“There are fundamental questions we ask with every project,” declares Jason McLennan, key founder of ILFI, Delos advisory board member, and lead architect of the Blackadore Caye project: “Is the building worth protecting? Is it worth the input of energy and materials to create it? When it’s completed, will it make people’s lives better? Will it inspire us to be better people?”
When applying this criteria to projects such as Blackadore Caye, it is difficult to see how an eco-tourism resort for the ultra-wealthy is making people’s lives significantly better than simply restoring the island as an educational preserve and foundation, or how it is breaking new ground in a tourism industry that has already explored eco-tourism to varying degrees of success. It is challenging to grapple with how various green standards can justify the energy and materials expenditures required for projects that are only intended to be inhabited by an extremely small, privileged portion of the population. Many of these coastal resorts would not even technically comply as full Living Building Challenge projects, as one of the first mandatory requirements prohibits development within 15 meters (50 feet) of wetlands or within 100-year flood plains.
On the one hand, if a resort is to be created, making it as “good as possible” is desirable. Green standards common in the marketplace, such as LEED®, understandably reward this type of approach. On the other hand, shouldn’t issues of sensitivity to local environment, size, and scale, and low-impact innovation take priority when being held up as the leading edge of green building design?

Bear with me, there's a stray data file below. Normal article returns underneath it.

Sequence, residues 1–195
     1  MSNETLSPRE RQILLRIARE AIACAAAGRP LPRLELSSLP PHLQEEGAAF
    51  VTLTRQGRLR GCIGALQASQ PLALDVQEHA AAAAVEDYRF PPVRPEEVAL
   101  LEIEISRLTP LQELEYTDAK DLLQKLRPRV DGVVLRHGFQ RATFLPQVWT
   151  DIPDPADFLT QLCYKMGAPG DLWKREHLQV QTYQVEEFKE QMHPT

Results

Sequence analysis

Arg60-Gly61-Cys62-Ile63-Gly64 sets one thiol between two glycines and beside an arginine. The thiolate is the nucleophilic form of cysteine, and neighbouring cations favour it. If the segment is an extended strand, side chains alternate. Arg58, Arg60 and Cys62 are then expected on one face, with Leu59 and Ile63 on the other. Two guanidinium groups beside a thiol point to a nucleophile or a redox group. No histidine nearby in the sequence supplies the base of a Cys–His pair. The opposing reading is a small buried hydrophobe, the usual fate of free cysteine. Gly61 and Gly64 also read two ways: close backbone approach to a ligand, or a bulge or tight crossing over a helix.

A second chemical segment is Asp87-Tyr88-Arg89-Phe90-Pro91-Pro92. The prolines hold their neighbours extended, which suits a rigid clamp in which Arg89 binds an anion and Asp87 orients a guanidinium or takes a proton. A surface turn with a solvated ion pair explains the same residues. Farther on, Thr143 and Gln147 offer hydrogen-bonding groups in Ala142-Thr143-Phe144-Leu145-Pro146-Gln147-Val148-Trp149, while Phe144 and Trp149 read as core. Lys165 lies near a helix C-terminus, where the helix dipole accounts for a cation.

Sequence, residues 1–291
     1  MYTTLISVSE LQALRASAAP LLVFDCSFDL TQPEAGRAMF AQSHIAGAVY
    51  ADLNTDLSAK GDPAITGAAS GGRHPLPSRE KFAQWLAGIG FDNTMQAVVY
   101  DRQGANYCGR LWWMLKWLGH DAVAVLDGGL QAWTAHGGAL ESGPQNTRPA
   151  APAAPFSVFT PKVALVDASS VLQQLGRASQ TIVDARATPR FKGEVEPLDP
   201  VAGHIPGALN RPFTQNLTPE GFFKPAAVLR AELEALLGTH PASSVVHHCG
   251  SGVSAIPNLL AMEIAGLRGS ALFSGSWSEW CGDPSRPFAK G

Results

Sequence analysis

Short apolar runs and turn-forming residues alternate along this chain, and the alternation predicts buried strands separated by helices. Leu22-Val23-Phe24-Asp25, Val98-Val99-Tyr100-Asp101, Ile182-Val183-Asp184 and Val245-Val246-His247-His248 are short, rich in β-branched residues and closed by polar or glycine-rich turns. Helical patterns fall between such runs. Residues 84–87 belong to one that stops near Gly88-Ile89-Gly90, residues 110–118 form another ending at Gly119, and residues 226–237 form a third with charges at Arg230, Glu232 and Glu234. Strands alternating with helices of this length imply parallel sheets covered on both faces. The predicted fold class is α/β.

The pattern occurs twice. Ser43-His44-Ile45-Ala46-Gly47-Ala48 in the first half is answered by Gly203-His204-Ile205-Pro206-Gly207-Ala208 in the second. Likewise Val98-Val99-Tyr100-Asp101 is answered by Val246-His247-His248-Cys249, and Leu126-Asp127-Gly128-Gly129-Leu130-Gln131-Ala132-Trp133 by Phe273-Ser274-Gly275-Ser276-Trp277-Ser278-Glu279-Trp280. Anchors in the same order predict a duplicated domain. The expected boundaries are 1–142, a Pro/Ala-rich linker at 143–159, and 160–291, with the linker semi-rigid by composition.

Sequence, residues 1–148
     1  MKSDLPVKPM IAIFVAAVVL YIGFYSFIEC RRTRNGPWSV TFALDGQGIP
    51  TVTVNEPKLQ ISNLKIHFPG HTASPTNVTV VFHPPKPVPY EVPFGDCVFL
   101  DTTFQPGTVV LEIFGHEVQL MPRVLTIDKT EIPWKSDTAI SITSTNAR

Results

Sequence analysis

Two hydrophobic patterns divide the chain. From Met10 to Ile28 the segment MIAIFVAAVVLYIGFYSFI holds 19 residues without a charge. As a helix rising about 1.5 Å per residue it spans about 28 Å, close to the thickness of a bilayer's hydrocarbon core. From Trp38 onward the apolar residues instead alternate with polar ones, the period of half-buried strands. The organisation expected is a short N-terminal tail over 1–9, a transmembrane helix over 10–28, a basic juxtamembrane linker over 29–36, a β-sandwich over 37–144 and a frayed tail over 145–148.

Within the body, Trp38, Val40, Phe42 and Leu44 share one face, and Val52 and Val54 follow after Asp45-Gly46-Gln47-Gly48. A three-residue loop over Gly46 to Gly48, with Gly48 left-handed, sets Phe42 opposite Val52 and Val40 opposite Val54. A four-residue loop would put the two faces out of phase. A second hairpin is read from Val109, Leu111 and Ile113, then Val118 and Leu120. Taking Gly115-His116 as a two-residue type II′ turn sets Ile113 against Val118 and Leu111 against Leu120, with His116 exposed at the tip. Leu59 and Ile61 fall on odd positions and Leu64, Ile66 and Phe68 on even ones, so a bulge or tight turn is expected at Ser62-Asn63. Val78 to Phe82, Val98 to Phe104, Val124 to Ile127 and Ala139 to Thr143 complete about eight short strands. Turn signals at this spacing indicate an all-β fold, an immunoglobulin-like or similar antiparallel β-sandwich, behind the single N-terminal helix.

In a recent interview, McLennan argues that exposing celebrities and CEOs to the progressive designs of the Blackadore Caye resort will eventually drive down the costs and extend the reach of green design and states, “We should experiment on the rich. Let them drive down the costs of things.” However, the effectiveness of a trickle-down theory of architecture is unsubstantiated to-date. Are these types of high-end projects, sometimes sanctioned by green building standards, only perpetuating the perception that sustainability is mainly for the wealthy?
With Blackadore Caye, has the green building movement officially jumped the shark? The green-building community constantly struggles with the idea of not just doing “less bad," but doing “more good," a concept popularized by William McDonough and Michael Braungart in Cradle to Cradle (2002) and adopted as the essential aim of the Living Building Challenge. In this instance, what would result in the most good for the island - setting it aside for conservation, or building an oversized, high-end resort? If the goal of building standards such as the WELL standard is to promote and recognize positive environmental and human health impacts, it seems that they have strayed with Blackadore Caye. Yet, the project’s celebrity status could make it the poster child of the very standards it undermines.
Tanya Mejia, LEED AP BD+C, is a sustainability specialist at Perkins Eastman, where she develops firmwide sustainability programs, manages all third-party green market standards, and works with project teams to maximize the social, economic, and environmental value of designs. Her previous experience includes several years at GBCI as part of the LEED Certification department.